The Auckland keratoconus study: Identifying predictors of acute corneal hydrops in keratoconus
Article first published online: 21 FEB 2013
© 2013 The Authors. Clinical and Experimental Optometry © 2013 Optometrists Association Australia
Clinical and Experimental Optometry
Special Keratoconus issue co-ordinated by Richard Lindsay
Volume 96, Issue 2, pages 208–213, March 2013
How to Cite
Fan Gaskin, J. C., Good, W. R., Jordan, C. A., Patel, D. V. and McGhee, C. N. (2013), The Auckland keratoconus study: Identifying predictors of acute corneal hydrops in keratoconus. Clinical and Experimental Optometry, 96: 208–213. doi: 10.1111/cxo.12048
- Issue published online: 18 MAR 2013
- Article first published online: 21 FEB 2013
- Manuscript Accepted: 17 JAN 2013
- Manuscript Revised: 13 JAN 2013
- Manuscript Received: 4 DEC 2012
- corneal hydrops;
- New Zealand
The aim was to identify potential factors associated with acute corneal hydrops in a New Zealand population with keratoconus referred to a hospital eye service.
In a single hospital centre, in a retrospective review, demographic and clinical features of subjects with keratoconus and corneal hydrops over a 17-year period were compared with an age- and gender-matched control group of subjects with keratoconus but no history of corneal hydrops.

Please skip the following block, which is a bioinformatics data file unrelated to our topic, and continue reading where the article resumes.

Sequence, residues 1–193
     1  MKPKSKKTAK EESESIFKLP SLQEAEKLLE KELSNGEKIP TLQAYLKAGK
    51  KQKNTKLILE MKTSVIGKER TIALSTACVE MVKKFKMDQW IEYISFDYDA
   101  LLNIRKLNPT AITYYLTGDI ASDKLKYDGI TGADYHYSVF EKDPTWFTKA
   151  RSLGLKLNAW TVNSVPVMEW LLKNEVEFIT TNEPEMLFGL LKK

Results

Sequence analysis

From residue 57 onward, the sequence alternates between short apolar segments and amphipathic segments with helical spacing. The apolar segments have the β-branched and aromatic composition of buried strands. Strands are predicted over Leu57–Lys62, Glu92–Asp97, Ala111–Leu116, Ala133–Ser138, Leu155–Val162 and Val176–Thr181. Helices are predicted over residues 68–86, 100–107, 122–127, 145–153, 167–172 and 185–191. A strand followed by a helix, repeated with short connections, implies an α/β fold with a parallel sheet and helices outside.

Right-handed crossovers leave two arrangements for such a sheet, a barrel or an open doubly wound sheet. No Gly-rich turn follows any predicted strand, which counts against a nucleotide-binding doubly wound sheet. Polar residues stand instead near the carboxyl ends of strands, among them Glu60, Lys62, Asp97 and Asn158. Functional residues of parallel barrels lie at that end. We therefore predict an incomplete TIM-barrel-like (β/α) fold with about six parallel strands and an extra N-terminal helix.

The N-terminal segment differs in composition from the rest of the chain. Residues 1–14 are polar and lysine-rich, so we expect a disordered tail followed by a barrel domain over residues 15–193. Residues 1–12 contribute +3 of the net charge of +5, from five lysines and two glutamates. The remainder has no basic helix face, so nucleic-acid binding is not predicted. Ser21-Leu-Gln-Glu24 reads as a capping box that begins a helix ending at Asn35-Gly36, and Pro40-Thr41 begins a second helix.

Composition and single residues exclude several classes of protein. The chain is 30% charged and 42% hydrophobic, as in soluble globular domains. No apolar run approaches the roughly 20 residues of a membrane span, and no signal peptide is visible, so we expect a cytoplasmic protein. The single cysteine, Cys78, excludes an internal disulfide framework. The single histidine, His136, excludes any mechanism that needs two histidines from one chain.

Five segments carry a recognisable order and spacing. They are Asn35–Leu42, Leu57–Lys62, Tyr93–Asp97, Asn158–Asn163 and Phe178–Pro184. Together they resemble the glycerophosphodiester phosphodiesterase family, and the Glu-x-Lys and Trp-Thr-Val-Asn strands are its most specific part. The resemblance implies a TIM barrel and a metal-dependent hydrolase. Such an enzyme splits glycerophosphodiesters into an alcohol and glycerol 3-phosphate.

One hundred and one eyes of 101 subjects (mean age 24.6 ± 8.4 years) were identified with keratoconus-related corneal hydrops. Subjects were more likely to be of Pacific but less likely to be of New Zealand European ethnicity than control subjects (n = 101). In comparison, Maori ethnicity was not found to have a significantly positive or negative association with hydrops. The pre-hydrops visual acuity (VA) of affected eyes was poorer than that of controls (p < 0.001) at first presentation to our tertiary referral corneal and contact lens service. Hydrops typically developed approximately four years after diagnosis of keratoconus. Subjects with hydrops were more likely to have a history of eye-rubbing (p = 0.011) but less likely to have a family history of keratoconus (p = 0.05). In 31 cases, the acute hydrops event was their first optometric/ophthalmologic contact. There were no statistically significant differences in the prevalence of atopic disease, contact lens wear or overall corneal transplantation rate between the two groups.
Pacific ethnicity, history of eye-rubbing, poor VA at first hospital presentation and lack of family history were statistically associated with developing acute corneal hydrops in keratoconus in a New Zealand population. Greater understanding of such predisposing risk factors may help develop early management strategies to delay or prevent progression of this disease.